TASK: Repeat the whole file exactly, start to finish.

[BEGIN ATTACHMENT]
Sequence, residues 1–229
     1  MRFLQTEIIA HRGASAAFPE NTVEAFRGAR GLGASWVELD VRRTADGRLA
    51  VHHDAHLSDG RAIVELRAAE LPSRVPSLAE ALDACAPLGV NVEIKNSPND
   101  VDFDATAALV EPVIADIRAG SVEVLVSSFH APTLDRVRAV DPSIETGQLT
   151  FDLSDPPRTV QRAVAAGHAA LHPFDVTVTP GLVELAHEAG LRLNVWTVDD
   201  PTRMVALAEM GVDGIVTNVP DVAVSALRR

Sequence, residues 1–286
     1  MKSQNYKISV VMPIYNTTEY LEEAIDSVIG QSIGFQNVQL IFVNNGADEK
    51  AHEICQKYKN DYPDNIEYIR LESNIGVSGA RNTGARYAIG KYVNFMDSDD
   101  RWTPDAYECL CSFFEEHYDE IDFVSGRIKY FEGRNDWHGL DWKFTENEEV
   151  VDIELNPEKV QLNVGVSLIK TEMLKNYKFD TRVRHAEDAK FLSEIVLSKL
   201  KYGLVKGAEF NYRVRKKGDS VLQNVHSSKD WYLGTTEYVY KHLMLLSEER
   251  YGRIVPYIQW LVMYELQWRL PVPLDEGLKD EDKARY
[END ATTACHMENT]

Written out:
Sequence, residues 1–229
     1  MRFLQTEIIA HRGASAAFPE NTVEAFRGAR GLGASWVELD VRRTADGRLA
    51  VHHDAHLSDG RAIVELRAAE LPSRVPSLAE ALDACAPLGV NVEIKNSPND
   101  VDFDATAALV EPVIADIRAG SVEVLVSSFH APTLDRVRAV DPSIETGQLT
   151  FDLSDPPRTV QRAVAAGHAA LHPFDVTVTP GLVELAHEAG LRLNVWTVDD
   201  PTRMVALAEM GVDGIVTNVP DVAVSALRR

Sequence, residues 1–286
     1  MKSQNYKISV VMPIYNTTEY LEEAIDSVIG QSIGFQNVQL IFVNNGADEK
    51  AHEICQKYKN DYPDNIEYIR LESNIGVSGA RNTGARYAIG KYVNFMDSDD
   101  RWTPDAYECL CSFFEEHYDE IDFVSGRIKY FEGRNDWHGL DWKFTENEEV
   151  VDIELNPEKV QLNVGVSLIK TEMLKNYKFD TRVRHAEDAK FLSEIVLSKL
   201  KYGLVKGAEF NYRVRKKGDS VLQNVHSSKD WYLGTTEYVY KHLMLLSEER
   251  YGRIVPYIQW LVMYELQWRL PVPLDEGLKD EDKARY